New show tackles student issues

Tessa Pelias

By Christina Merced

In the basement of the old Urbana Post Office, University students are filming the new public access television show “Inside Out.”

In the men’s bathroom, the show’s crewmembers transformed the attached locker room into a production set with a purple carpet, blue couch, and black and white photos of Nelson Mandela and Malcolm X. A midnight blue and purple “Inside Out” graphic logo is tied around pipes above the couch.

Tamika Jackson, senior in Communications and member of the Urbana-Champaign Independent Media Center, created the new television program with help from University faculty, students and local residents.

On Saturday, the development and production stages came together for the taping of the first two episodes. The program is a talk show with two co-hosts, Jackson and Mike Conley, senior in LAS. Each episode will discuss current issues in education, politics, racism, sexuality and entertainment.

“We try to combine (education and entertainment) because we feel as young adults we’re interested in both,” Jackson said. “We already have CNN telling us what they think we want to hear or what they think we want to know.”

Jackson said she was inspired her sophomore year by a communications class taught by Professor Bob McChesney. She approached her friend and mentor, Kevin Shine, to discuss a possible television show and felt motivated to pursue her interest in communications.

“He just encouraged me to do it and not to expect someone else to make my moment happen for me, but rather to go out for it myself,” Jackson said.

Brian Johnson and Jason Chambers, associate and assistant professors in Communications, and John Jennings, assistant professor in art and design, mentored the group. Jennings also created the “Inside Out” logo.

The show has no primary source of funding, but receives studio space from the Independent Media Center, Jackson said. Urbana Public Television is also lending cameras and lights for the tapings.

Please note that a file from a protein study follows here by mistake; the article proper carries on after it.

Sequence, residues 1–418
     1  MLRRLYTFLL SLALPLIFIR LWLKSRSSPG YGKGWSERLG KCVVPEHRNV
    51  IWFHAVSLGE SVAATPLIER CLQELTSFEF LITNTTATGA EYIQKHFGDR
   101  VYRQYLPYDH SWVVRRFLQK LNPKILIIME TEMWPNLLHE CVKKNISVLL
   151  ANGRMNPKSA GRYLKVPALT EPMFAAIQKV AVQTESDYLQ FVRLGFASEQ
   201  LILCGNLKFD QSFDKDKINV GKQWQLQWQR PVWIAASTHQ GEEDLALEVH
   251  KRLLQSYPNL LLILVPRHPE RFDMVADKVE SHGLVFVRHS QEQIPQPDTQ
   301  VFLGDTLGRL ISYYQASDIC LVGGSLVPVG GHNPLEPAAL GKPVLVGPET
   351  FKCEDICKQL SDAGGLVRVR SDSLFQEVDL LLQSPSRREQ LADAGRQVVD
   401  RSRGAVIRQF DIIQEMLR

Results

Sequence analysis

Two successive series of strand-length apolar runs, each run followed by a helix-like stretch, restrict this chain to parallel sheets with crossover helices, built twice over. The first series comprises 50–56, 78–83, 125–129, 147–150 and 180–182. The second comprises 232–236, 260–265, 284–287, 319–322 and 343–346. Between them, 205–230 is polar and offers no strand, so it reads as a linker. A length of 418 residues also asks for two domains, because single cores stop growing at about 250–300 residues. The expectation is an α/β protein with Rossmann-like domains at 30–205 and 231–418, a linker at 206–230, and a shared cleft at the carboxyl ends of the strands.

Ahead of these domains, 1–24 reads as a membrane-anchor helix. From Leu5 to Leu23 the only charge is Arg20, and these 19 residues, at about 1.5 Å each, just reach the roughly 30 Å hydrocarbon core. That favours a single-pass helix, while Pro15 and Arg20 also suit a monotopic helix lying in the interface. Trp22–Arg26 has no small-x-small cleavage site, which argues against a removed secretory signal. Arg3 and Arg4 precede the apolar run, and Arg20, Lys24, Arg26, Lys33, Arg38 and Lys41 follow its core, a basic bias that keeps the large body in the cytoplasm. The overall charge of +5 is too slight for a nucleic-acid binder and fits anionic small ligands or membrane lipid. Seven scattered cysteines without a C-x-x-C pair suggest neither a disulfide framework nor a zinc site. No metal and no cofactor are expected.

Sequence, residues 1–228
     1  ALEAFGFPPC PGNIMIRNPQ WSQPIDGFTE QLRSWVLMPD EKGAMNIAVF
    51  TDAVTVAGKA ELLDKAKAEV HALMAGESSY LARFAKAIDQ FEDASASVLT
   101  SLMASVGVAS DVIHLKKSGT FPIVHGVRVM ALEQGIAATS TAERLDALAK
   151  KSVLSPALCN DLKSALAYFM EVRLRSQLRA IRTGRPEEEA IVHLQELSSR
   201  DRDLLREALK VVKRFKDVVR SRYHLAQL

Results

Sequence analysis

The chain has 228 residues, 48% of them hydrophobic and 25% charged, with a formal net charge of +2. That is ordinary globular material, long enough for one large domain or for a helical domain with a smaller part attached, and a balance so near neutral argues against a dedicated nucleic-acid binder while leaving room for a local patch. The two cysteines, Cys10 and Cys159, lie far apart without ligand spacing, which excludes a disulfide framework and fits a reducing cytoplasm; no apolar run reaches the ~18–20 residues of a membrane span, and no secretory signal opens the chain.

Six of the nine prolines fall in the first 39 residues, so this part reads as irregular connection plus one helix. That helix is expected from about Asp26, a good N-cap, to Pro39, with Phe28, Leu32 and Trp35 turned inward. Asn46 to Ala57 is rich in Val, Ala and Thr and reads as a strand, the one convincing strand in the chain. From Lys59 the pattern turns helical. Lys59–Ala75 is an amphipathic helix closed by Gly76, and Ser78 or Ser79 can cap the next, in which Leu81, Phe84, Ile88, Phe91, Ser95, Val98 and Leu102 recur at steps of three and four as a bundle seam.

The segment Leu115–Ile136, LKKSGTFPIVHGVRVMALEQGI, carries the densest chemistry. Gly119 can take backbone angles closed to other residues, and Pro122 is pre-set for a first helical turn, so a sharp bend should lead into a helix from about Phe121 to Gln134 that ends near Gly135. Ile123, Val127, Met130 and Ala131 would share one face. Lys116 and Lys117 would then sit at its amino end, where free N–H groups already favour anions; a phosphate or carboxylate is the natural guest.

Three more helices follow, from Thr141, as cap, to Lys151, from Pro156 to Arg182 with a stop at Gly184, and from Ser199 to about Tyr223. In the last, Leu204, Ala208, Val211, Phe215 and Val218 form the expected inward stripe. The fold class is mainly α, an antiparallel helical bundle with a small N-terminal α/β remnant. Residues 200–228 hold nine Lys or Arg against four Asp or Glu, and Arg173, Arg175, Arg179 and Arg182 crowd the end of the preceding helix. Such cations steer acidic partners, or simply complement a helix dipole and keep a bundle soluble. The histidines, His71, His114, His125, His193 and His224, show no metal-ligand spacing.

After the first eight episodes, “Inside Out” will also appear on Channel 19, Chicago Access Network Television, in Chicago and Channel 3, Community Access Television Services, in Bloomington.

To help keep the show afloat, the students are applying to become a registered student organization to receive SORF funding, Jackson said. They also want to try to get grant funding from the city of Urbana.

Although the show is a collective project, the 22 students each have their own production priorities. There are researchers and writers, camera and lighting people, a hair and makeup person, advertising and public relations people.

“Drop It Like It’s Hawt,” is the title of the first episode and is about popular dances. Episode one will feature clips of Dance 2XS, an international hip-hop group on campus, and an interview with Cynthia Oliver, professor of dance.

The second episode titled, “Don’t Ask, Don’t Tell,” is a more controversial show presenting the issue of “gay bashing” in the United States. Reverend Jerome Chambers, president of the Champaign County branch of the National Association for the Advancement of Colored People, discussed the issue of socialization and homosexuality.

“Don’t focus so much on the difference,” Jerome Chambers said. “Let’s embrace the similarities.”

Co-host Conley said he hopes people will watch the show and will be encouraged to openly discuss different social issues. The show will be good for the University and surrounding community because there is possibility for change when it comes to the issues discussed, he said.

“The issues that are talked about on the show are real,” said Brian Sims, a University alumnus and member of the Musical Experience, which will appear throughout the episodes as the house band.

Kaitlin Morris, a crewmember and junior in LAS, also thinks the show could be a positive force throughout the campus. Morris said she views the University as a divided cultural space, but said even if the campus does not unite, the show will be good because it will present different viewpoints, especially on provocative topics such as racism and sexual orientation.

“We want to be controversial, but definitely don’t want to offend anyone,” said Alan Davis, associate producer and senior in LAS. “I’m hoping once (the campus sees) the show, that they’ll support us.”

Ashley Pettil, sophomore in LAS, who works in public relations for the show, is trying to connect with the local community through sponsorships, especially caterers to help feed the crew and guests. The show will be advertised through its own Web site, a Facebook group and throughout campus. The show is also discussing promotional giveaways and access to new music from J-Records, Jackson said.

There will also be five live-audience shows where people can participate in question and answer sessions. “Inside Out” will premiere Tuesday, Jan. 31 at 6:30 p.m. on Channel 6, Urbana Public Television. There will be 15 episodes this semester, each 30-minutes long and will run every Tuesday at 6:30 p.m.

“You don’t have to RSVP to be in the audience, but we like to know who’s going to be in the audience (because) we have promotional giveaways,” Jackson said. “It’s not just an average local show.”